What Are Weep Holes?
Weep Holes release water and moisture that finds its way through the brick veneer. When it rains, water begins to soak into the exterior brick. Brick is not completely impervious. Water and water vapor can still find its way through this porous material.
Brick is one of the most popular exterior materials for houses in our area. It’s beautiful, and people associate it with a solid, well-made structure. You must be careful because it is easy to believe that a brick wall is solid, rather brick facades are not connected directly to the wood interior walls. A space between the inner and outer walls is created to allow air to flow. Even though the brick itself appears strong and impervious, it is a porous material that can allow moisture to penetrate through it. Water will soak through brick in a matter of hours as rain is driven against the brick’s surface.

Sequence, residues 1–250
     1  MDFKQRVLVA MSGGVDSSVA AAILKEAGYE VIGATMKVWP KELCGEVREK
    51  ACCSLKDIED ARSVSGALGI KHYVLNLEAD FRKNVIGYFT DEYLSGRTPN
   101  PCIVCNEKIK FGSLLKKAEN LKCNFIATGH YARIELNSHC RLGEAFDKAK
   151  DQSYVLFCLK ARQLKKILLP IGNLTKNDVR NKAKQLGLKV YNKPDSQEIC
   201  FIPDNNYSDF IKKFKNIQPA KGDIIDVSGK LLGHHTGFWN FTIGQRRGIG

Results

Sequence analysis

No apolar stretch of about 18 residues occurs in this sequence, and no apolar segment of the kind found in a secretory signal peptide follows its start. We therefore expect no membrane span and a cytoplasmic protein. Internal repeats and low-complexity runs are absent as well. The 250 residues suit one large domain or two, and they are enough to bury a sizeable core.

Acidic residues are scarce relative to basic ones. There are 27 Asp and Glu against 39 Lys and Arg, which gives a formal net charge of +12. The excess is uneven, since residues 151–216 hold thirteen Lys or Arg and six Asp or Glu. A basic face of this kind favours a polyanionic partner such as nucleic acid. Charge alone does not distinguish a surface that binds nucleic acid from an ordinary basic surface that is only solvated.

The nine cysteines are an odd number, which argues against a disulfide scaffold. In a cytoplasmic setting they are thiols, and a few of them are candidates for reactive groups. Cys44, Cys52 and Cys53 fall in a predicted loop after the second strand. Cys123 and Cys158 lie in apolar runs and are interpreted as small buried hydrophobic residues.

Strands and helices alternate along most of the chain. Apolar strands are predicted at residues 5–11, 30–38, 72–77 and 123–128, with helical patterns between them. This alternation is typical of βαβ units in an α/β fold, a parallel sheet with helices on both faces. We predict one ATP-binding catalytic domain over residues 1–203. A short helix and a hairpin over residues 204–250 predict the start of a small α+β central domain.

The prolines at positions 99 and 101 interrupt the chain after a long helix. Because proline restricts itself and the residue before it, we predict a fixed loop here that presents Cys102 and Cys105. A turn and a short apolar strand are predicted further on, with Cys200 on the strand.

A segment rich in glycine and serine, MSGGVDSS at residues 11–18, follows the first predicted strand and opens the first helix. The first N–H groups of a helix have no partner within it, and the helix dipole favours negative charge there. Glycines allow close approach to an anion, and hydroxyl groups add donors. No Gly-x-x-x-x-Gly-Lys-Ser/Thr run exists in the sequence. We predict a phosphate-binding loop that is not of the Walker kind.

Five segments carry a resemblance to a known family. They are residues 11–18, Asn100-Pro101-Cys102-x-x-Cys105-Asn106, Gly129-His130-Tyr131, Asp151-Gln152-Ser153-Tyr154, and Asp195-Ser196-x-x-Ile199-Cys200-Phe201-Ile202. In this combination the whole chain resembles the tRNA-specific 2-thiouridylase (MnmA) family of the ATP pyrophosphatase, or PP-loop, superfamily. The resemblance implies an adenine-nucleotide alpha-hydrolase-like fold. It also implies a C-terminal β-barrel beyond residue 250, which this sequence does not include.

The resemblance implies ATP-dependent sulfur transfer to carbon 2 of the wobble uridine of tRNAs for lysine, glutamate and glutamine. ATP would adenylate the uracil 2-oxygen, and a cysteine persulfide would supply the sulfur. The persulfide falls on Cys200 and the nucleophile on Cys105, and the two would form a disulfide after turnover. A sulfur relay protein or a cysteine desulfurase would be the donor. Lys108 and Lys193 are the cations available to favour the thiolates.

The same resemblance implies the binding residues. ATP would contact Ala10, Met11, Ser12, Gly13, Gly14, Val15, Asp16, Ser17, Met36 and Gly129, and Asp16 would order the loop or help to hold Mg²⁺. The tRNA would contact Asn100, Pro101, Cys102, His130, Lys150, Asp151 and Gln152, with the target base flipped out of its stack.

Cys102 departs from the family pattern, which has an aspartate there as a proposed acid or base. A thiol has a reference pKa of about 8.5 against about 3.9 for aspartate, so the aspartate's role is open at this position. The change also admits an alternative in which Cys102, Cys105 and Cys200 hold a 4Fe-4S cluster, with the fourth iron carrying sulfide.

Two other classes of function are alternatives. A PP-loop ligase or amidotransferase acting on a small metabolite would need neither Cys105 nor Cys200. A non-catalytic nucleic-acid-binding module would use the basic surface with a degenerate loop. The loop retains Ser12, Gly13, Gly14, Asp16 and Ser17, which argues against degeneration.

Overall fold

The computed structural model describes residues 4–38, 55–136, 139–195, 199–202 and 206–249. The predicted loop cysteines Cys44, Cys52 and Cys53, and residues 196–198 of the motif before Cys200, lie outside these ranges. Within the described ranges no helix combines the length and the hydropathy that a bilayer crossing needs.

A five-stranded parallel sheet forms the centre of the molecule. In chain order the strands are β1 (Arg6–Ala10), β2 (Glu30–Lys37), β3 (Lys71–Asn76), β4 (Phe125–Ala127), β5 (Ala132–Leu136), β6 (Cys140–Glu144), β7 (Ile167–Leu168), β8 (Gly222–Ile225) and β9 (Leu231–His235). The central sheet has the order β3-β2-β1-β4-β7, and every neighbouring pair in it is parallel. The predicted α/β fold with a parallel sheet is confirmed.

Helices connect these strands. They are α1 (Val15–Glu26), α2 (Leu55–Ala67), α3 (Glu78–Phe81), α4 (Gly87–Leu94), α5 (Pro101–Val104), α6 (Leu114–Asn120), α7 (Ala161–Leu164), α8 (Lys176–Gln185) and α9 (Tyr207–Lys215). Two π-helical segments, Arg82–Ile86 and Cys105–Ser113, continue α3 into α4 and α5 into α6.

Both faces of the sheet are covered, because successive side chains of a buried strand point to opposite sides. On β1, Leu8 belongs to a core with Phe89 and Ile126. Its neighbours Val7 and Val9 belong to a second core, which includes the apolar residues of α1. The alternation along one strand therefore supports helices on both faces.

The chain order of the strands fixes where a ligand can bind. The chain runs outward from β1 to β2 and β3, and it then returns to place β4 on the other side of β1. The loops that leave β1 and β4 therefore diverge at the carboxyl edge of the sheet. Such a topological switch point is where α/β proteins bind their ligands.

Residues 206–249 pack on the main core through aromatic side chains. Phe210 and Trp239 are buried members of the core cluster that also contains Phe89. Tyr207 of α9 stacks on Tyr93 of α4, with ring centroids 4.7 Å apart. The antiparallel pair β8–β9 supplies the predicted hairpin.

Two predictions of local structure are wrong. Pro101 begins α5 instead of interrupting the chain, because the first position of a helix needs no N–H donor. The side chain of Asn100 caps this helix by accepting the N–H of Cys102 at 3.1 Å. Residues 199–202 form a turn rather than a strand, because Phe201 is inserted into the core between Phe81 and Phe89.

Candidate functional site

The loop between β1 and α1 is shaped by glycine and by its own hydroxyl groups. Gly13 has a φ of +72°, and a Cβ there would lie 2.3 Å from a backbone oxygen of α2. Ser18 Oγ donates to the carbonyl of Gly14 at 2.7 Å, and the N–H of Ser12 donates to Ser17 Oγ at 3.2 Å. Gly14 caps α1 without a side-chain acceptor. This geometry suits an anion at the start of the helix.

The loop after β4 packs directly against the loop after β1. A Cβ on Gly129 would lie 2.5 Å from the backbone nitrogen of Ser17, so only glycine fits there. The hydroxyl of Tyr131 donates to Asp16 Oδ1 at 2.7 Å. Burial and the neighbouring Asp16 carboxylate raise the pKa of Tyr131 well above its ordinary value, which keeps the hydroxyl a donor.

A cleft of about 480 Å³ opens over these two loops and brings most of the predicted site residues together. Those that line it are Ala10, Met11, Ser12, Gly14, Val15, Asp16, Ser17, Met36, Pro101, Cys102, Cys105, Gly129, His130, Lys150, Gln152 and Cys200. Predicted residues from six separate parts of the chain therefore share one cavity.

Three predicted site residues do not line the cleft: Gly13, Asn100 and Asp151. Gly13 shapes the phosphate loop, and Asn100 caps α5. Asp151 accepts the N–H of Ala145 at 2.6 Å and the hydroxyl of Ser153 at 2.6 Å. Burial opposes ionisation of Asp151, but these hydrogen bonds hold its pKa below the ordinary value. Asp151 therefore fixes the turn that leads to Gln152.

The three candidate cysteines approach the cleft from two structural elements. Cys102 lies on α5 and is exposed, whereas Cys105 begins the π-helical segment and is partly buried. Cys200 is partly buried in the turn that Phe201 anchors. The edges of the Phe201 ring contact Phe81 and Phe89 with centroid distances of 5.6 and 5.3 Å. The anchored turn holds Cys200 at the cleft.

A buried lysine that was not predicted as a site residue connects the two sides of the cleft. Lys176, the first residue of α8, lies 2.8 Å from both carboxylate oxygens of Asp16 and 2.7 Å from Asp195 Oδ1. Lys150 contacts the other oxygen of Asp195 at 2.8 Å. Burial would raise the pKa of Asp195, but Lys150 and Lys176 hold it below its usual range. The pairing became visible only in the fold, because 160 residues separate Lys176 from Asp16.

If wood framing and sheathing behind the brick gets wet, they can develop mold and even rot even if barriers such as sheathing paper are used to restrict moisture movement through the walls. To make matters worse, these areas are typically hidden and problems may not be discovered until considerable damage has been done. If evidence of water intrusion is found, the most likely visual proof will be water stains, damp areas or rot at the sill plate, or even stains or damp areas at the top of the foundation wall. Leaks and stains around windows and doors are other clues.
Where are Weep Holes Located?
What Are Your Options?
There are two options available:
1) Have a licensed contractor remove part of the brick veneer to verify proper installation of flashing. If you locate the flashing, you can reinstall the brick and ensure that weep holes are in their proper locations. Unfortunately, this can be a costly option.
2) Do nothing. Past performance isn’t always an indicator of future events. Many times, thermal imaging can detect hidden problems. This can be a part of your annual home maintenance inspection from Three 17 Inspections.